My note taking system consists of three different pieces:
- Timeless notes: Ideas, thoughts, etc. that are interlinked and are not time sensitive. These are often literally the base of knowledge from which I work. Here I try to distill what I have learned and try to push myself toward the new and the more generalized.
- Project notes: Status quos, todos and thoughts related to ongoing projects or tasks that have some kind of momentum but are more ephemeral than timeless notes.
- Journal notes: Notes that record what is happening or has happened so that I have a written record of aspects of my lived life.
Types 2 and 3 are very much related, although different in the sense, that a type 2 note is not necessarily interesting enough to be mentioned in a type 3 note. And a type 3 note is not so concerned with creating or maintaining momentum, but more with creating a record of what happened.
Type one notes are different in the sense that they should be more interlinked and add up to trees of notes that in turn act serendipity-enhancing on the interface between thinking and writing (including coding). You want to treat those kinds of notes differently and keep them separate. This is where the good stuff lives. Insights from type 2 and 3 notes might end up becoming a type 1 note.
A type 1 note is not the place to keep a record, though. It represents my latest stance on a topic, the latest formulation of an idea. They exist to be refactored and to be changed in any way that seems appropriate.
I had toyed with the idea for a while now: I have joined the ranks of the people who have their own newsletter!
Mine is called Notes On Notes and it collects and comments on a handful of links about notes and note taking that I found interesting in the last little while.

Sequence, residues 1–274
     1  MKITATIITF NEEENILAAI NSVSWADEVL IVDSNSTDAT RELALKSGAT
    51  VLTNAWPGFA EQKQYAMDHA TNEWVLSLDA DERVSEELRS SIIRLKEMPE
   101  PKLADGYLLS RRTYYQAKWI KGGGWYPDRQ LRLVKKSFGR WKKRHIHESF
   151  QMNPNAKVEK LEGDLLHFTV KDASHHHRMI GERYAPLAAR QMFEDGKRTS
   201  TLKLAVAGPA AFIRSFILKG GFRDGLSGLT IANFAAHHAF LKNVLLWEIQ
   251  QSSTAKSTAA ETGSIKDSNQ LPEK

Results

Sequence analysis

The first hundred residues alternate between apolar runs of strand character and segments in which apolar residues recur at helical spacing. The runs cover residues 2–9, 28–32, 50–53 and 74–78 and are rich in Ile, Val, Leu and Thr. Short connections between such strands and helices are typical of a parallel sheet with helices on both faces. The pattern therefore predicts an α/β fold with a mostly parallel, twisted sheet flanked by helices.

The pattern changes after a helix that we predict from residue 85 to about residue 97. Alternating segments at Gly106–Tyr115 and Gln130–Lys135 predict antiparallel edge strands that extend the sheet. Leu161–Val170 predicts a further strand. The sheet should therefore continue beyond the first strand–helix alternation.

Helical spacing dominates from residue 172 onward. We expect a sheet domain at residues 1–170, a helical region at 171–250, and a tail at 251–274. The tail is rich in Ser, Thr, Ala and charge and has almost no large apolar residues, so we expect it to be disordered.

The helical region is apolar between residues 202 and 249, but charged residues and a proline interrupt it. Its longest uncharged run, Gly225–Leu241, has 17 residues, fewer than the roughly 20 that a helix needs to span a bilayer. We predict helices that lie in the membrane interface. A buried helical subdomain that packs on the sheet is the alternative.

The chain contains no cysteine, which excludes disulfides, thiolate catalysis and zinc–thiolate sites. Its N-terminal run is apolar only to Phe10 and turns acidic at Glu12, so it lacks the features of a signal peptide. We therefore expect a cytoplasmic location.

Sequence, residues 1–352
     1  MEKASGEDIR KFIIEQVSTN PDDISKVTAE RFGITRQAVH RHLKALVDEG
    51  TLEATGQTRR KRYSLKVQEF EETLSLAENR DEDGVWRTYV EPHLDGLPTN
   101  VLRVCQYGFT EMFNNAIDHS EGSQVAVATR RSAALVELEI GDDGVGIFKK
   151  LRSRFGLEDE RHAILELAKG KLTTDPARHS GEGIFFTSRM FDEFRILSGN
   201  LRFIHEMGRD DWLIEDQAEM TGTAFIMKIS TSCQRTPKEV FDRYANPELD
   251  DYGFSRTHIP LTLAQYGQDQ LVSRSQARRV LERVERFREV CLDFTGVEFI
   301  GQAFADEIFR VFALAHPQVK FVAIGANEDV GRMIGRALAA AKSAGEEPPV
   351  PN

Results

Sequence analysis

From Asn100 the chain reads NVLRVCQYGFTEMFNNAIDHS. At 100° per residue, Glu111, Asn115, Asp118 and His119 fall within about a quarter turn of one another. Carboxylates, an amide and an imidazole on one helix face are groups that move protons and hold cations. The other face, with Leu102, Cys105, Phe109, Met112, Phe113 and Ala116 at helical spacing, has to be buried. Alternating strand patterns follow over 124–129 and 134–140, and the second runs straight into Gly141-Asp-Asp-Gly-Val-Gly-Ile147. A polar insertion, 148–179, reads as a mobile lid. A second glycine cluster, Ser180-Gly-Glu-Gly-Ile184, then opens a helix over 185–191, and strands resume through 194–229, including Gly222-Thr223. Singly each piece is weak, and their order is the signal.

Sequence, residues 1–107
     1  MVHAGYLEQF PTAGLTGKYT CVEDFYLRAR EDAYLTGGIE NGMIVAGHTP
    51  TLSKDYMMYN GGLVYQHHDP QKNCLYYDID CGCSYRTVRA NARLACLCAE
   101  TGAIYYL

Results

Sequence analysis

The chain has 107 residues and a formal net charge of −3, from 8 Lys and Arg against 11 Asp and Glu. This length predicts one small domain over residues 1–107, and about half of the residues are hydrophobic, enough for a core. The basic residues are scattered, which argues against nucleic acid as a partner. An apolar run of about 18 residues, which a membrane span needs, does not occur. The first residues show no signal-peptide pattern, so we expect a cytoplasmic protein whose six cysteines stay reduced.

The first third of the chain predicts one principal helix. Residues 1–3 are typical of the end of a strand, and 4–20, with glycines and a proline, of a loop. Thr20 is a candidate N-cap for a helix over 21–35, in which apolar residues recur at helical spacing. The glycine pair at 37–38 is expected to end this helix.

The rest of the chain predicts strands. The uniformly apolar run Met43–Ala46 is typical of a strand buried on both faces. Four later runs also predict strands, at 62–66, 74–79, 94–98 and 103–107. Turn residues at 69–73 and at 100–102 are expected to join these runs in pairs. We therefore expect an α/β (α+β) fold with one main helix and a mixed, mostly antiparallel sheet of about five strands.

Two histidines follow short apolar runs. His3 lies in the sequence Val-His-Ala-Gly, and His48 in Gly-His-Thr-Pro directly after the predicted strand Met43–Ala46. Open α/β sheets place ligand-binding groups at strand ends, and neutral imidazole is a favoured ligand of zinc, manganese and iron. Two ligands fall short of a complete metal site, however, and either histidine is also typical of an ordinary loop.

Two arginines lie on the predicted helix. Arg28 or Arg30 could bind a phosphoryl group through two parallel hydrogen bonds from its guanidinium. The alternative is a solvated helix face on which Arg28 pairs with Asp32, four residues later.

The thing is free and the first issue will go out tomorrow. I would be super thrilled if you‘d sign up.
In order to do this, you have to be interested in what you are doing. You will also notice how the definition of “better” is likely to change with time. In this sense having a notes system won’t lead to perfection. But it will lead to improvement.
There will be ebbs and flows. As you change, your note taking practice is likely to change. Some things might fall into disrepair. Other’s become important. Your note taking system might fall dormant for a while. It happens.
Is this good? Bad? Otherwise? Reflect upon why you want to do it, if evidence tells a different story. Be kind.
Why would you do that work? Do you want to do that work? Why? A note taking system can only be good if you are motivated to work on it. And the question that will drive you is this: Why?
Reflection is one of the most important tools here. Be attentive to what actually keeps you engaged with your notes. And then figure out the why behind the why. The notes will flow by themselves in this way.
In order to connect notes you first have to write them. If you have notes you can start to link them.1 Why linking? Why indeed! Have a reason. Maybe you have concepts that are connected in some way? Maybe you track gift ideas for the different people in your life and need an overview? Maybe you have a journal and you’d like to link yesterday’s page with today’s page and today’s page with tomorrow’s page?
Connecting notes helps to organize and structure your notes in a way that only ever requires a “local fit”. In comparison to tags/categories that have to work for the whole of your notes, a link only needs to make sense for the linking note.
If it is not obvious why the link exists, make the reason explicit. You want to explain links more often than you might think.
Writing a new note can include writing links to other notes. ↩︎
A note-taking system without notes doesn’t make much sense. You have to accumulate notes. Do they need to be good? Do they need to be perfect? No. They won’t be. Not on the first try.
But they do have to be written. What gets them written? In order for them to be written by choice, they have to be interesting enough - or the process of creating them has to be. You might be forced to write them, then maybe find a way to make it interesting.
In any case: Do start by writing notes.
(One of my favorite internet people is Merlin Mann who writes this on the first page of all his paper notebooks. This is the right approach to digital notes as well. Get it down first. Make something out of it later. This is a flickr-embed of Merlin’s photo. No copyright intended. See his Album for more.)
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